A spacecraft that was designed to look at solar activity captured the moon passing in front of the Sun in crazy detail. NASA’s Solar Dynamics Observatory captured the strange solar eclipse on June 29, 2022. It was captured from a unique spot in space, which also was the only spot this eclipse was visible.
Since we were unaware of a major celestial event transpiring in outer space, NASA’s Solar Dynamic Observatory (SDO) did its job and captured the phenomenon in a stunning visual. According to SpaceWeather.com, at the eclipse’s peak, the moon covered around 67 percent of the sun, and the lunar mountains were backlit by solar flares.
The imagery also revealed the Lunar mountains to be backdropped by the Sun during this solar eclipse. The observatory is known to observe the sun as the source of space weather, radiation in space, and its impacts on our planet. It looks at aspects such as the sun’s magnetic field, sunspots, and other kinds of activity during the 11-year-long solar cycle.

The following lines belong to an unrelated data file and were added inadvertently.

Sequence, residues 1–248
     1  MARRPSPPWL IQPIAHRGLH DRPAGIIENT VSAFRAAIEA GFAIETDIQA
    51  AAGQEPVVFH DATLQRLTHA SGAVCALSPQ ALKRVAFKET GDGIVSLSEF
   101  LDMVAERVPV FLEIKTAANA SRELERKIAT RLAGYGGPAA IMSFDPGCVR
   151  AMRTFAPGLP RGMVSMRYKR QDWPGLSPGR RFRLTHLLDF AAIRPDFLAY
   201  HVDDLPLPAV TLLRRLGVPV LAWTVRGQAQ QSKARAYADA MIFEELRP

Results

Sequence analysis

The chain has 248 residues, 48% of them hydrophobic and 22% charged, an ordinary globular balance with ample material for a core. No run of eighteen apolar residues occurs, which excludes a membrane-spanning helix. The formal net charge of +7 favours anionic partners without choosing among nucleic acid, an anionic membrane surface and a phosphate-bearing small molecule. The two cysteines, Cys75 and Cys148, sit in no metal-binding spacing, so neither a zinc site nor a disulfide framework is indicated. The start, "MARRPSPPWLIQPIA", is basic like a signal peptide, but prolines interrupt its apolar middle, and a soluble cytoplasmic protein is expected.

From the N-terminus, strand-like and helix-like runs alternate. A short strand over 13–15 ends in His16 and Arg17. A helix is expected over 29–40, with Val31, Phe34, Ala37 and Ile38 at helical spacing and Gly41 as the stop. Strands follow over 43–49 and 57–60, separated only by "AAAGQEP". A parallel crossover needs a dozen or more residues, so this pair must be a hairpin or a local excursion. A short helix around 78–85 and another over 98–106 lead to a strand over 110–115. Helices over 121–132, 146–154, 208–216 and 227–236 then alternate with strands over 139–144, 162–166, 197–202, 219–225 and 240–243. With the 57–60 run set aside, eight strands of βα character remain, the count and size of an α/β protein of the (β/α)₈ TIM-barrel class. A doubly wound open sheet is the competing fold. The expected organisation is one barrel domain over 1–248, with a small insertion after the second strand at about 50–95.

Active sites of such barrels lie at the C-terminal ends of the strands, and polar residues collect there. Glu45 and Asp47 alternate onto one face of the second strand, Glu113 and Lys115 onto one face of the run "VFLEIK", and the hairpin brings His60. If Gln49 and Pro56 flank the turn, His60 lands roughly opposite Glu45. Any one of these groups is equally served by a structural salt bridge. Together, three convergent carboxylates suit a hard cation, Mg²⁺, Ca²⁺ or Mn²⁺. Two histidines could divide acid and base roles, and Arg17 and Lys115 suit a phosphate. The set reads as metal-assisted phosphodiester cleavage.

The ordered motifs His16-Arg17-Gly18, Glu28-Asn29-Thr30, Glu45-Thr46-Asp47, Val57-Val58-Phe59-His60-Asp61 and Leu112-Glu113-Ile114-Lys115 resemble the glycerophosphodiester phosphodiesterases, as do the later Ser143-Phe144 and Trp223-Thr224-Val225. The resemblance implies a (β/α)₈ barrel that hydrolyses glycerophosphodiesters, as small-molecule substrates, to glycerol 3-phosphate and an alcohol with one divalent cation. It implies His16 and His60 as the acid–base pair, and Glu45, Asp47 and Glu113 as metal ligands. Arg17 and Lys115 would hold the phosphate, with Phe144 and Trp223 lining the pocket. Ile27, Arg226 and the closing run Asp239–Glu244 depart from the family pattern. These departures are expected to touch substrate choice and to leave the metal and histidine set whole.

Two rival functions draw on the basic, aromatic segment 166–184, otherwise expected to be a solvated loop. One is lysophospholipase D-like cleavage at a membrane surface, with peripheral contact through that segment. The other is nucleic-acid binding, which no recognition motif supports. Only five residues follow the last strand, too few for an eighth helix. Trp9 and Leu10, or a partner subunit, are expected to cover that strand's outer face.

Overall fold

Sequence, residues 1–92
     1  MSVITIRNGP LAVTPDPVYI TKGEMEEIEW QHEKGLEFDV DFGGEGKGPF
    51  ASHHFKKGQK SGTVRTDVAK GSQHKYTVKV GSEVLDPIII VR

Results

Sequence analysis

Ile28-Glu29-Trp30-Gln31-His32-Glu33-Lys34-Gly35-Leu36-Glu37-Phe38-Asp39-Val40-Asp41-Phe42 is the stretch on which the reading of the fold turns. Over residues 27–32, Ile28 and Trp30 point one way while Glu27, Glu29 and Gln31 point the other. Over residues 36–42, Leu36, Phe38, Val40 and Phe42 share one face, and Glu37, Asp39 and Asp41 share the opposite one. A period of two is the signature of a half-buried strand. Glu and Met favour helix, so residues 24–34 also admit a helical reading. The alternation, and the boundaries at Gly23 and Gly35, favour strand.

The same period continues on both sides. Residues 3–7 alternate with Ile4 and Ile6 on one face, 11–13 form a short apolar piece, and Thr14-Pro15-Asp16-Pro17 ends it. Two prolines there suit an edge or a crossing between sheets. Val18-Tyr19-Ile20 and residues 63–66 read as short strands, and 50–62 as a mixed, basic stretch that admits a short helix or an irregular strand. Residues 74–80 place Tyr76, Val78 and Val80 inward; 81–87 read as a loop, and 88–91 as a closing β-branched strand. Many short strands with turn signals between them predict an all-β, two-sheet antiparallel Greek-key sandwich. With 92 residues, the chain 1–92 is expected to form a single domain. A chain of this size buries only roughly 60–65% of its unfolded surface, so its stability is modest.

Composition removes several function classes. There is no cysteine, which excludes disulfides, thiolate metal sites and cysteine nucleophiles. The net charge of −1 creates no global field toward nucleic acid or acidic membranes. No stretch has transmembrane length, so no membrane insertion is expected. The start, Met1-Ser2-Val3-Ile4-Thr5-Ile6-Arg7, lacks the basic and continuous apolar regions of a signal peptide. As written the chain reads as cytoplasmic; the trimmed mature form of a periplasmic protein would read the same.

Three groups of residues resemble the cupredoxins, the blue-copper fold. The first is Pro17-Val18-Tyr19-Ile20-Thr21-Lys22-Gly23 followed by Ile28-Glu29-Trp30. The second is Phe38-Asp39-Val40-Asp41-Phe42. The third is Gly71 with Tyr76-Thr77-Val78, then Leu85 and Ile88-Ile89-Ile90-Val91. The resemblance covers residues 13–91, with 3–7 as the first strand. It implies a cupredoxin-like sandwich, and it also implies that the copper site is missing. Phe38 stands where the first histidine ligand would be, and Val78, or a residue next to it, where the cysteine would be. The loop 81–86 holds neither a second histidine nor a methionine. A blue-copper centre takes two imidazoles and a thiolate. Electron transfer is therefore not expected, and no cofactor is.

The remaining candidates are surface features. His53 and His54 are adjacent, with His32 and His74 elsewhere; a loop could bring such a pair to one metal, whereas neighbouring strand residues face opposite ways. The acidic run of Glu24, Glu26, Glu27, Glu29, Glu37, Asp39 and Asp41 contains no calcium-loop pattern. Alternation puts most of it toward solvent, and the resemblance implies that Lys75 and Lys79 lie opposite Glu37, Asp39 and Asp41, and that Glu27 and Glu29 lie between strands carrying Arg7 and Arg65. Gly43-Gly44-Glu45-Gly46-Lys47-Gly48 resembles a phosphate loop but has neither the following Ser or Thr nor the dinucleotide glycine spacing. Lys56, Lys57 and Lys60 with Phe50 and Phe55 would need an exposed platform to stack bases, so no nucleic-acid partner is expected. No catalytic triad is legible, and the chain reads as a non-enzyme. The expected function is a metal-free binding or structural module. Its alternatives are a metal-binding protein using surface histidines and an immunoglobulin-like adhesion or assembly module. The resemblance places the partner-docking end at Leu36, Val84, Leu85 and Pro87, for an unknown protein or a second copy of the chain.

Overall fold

According to NASA, it is capable of measuring the Sun’s interior temperature, atmosphere, magnetic field as well as energy output, which allows researchers to better understand the star of their solar system.
It was launched in 2010 and is a part of a network of solar spacecraft from NASA as well as National Oceanic and Atmospheric Administration (NOAA). These spacecraft are useful now more than ever, especially with the solar activity’s peak coming around 2025.
Showcasing this imagery, SpaceWeather said in a statement, “High-resolution images like these can help the SDO science team better understand the telescope. They reveal how light diffracts around SDO’s optics and filter support grids.“